When agent Jim Roettger of the Minnesota Dept. of Agriculture was caught on video confiscating raw milk last December in suburban Minneapolis, he could be heard at one point telling a complaining consumer to bug out. “I don’t have to respond to your questions. You’re not part of this investigation.” In other words, we may be taking your milk, but it’s none of your business if we bring the wrath of the law down on your farmer supplier.
I get the same feeling reading through the U.S. Food and Drug Administration’s response to the FTCLDF federal suit challenging the agency’s prohibition on interstate sale and distribution of raw milk. I’ve gone through the FDA’s response several times during my travels since it came out a couple weeks back, trying to make sense of it beyond its legalese—after all, the FDA rarely reveals much about its real strategy, except when forced to in legal confrontations like this one.
The first thing that’s curious is the FDA’s explicit assertion that any consumer who brings raw milk across state lines is breaking the law. “It has been settled law for nearly a century that an article that is purchased by a consumer and transported across state lines for his or her consumption is in interstate commerce,” the brief states, citing a case involving the purchase of alcoholic beverages that are brought from one state to another. “In light of the foregoing case law, it is apparent that the sale of unpasteurized milk to a customer who intends to transport it out of state, either directly or through an intermediary, constitutes delivery into interstate commerce.”
Also interesting is that the FDA makes sure there are no ambiguities in its contention. “Not only do direct shipments across state lines to consumers constitute interstate commerce, but…a person who purchases unpasteurized milk in one state with the intent to take it to another state (either for personal use [emphasis added]or to distribute to others) is engaging in interstate commerce.”
But, benign dictator that it is, it has has chosen not to enforce that interpretation of the law, the FDA then states. Of course, the agency doesn’t put it that way, suggesting instead that its approach is to “make efficient use of agency resources” by targeting farmers who distribute raw milk across state lines. It refers to “enforcement discretion” in its decision not to target consumers. “Producers and distributors of raw milk in interstate commerce…have been the object of the agency’s enforcement action,” it states, and cites several cases in which it has either sought prosecution or sent warning letters to dairies.
I’d like to suggest the FDA is being totally cynical in its response. The business about making effective use of resources is a cop-out—if raw milk is the “significant public health hazard” that the FDA claims it is, and consumption is rising rapidly and likely involving millions of Americans, then the agency should be going after every single consumer who crosses state lines with raw milk, using its broad authority to protect consumers from themselves.
No, the agency doesn’t want to foment out-and-out rebellion. So it seeks to keep consumers pacified by making an implicit bargain: We won’t hassle you directly, but rather indirectly. Your supplier is always in danger, but if we take action, you, the consumer needn’t worry about being caught in the roundup. Just poor farmers.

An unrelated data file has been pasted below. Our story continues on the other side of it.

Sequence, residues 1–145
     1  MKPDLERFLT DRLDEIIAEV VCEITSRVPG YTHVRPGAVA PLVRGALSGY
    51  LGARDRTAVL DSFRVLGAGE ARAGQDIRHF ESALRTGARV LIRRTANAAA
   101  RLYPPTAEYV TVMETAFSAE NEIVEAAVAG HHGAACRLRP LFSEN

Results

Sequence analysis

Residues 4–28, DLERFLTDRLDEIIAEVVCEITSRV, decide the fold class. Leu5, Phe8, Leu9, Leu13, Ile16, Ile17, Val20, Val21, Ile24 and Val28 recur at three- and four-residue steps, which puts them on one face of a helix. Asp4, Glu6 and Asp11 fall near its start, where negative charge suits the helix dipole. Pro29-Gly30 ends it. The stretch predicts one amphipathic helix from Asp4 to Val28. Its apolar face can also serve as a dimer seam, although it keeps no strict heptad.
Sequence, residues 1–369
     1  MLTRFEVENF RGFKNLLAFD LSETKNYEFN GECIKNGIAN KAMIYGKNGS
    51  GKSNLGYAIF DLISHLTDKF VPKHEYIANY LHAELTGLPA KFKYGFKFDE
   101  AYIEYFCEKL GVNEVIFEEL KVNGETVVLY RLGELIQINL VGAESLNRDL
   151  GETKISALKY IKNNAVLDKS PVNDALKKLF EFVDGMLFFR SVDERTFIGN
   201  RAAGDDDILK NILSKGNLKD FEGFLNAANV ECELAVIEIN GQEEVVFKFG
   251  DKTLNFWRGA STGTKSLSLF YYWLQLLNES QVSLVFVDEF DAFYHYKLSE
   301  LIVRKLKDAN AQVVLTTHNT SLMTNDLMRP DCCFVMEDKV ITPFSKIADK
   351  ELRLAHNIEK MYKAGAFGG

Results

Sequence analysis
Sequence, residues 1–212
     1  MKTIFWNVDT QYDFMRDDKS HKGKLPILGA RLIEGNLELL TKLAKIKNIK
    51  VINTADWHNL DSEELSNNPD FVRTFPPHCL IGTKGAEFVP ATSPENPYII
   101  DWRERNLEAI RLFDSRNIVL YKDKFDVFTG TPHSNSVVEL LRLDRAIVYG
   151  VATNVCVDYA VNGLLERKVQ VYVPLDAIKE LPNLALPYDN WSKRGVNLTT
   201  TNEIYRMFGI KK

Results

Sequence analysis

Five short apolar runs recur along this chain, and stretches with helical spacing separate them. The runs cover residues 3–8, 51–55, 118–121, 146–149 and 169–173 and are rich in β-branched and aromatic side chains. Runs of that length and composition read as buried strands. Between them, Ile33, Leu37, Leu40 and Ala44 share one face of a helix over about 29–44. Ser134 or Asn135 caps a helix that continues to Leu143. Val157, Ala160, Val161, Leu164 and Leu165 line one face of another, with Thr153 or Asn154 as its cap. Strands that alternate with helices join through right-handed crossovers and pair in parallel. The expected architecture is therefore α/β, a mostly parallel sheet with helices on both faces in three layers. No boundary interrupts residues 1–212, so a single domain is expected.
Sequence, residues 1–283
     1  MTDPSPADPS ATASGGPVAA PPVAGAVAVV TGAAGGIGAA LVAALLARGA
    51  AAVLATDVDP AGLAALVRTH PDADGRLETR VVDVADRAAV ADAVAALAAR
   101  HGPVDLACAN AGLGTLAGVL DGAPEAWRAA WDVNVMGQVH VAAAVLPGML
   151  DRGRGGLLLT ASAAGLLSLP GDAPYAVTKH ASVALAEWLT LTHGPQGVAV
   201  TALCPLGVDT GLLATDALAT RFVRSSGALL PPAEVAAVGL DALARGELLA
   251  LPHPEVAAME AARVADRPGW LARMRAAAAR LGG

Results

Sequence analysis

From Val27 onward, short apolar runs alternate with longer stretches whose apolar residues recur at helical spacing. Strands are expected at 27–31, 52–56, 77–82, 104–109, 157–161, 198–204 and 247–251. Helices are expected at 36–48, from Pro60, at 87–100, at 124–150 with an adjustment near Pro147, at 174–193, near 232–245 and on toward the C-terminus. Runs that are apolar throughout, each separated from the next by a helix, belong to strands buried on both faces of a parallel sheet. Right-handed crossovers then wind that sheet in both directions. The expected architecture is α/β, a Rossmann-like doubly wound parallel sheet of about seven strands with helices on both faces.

Of course, we are all victimized when the agency targets dairy farms and confiscates milk or prevents it from being produced. Perhaps a federal judge will see through the FDA’s hypocrisy and call a halt to the entire charade.
Chalk up another victory for the Maine farmers promoting food sovereignty statutes. Deborah Evans, one of the farmer proponents, reports that Blue Hill joined two other towns in voting for a local ordinance allowing farmers to sell their dairy and other products directly to consumers, without the burden of state regulations. That makes three of four towns in which the ordinance was proposed have adopted it. And the fourth town, Brooksville, which had narrowly defeated the proposed ordinance last month, is likely to take it up again within the next few months.
I thank all you farmers who are putting your livelihoods on the line to supply raw milk – you are so brave! The least I and my fellow consumers can do is share the risk.
This reminded me of the Ohio Raw Milk Study link posted here yesterday, which requested farmers who drink raw milk; then I reread the article and saw I'd missed the very last line: "The study is funded by and the U.S. Department of Agriculture's National Integrated Food Safety Initiative." That oughta make the farmers feel reassured about participating in the study.
So, it looks like OSU is ready to run their proposed study posted last fall: http://thebovine.wordpress.com/2010/10/18/university-to-study-raw-milk-drinkers/
But last fall's news release says OSU is calling for 60 each raw milk and pasteurized milk drinkers, with half of each group coming from farm families, who will be paid $50 (now to be paid $25 each): "We truly do not know very much about how people make the choice to drink raw or pasteurized milk — there's just nothing in the literature," said Lydia Medeiros.
However, the news link from yesterday calls for not for regular consumers, but ALL FARMERS, and the study now questions why FARMERS decide to drink raw milk: "We truly do not know very much about how farmers make the choice to drink raw or pasteurized milk — there's just nothing in the literature," said Lydia Medeiros.
Very odd, and makes my bullshit meter range off the charts. Why the switch of study from "people" to "farmers"? There are more consumers who drink raw milk than are farmers who produce it (and drink it).
Its there somewhere.
In this study:
Parachute use to prevent death and major trauma related to gravitational challenge: systematic review of randomised controlled trials
The conclusion was:
Conclusions As with many interventions intended to prevent ill health, the effectiveness of parachutes has not been subjected to rigorous evaluation by using randomised controlled trials. Advocates of evidence based medicine have criticised the adoption of interventions evaluated by using only observational data. We think that everyone might benefit if the most radical protagonists of evidence based medicine organised and participated in a double blind, randomised, placebo controlled, crossover trial of the parachute.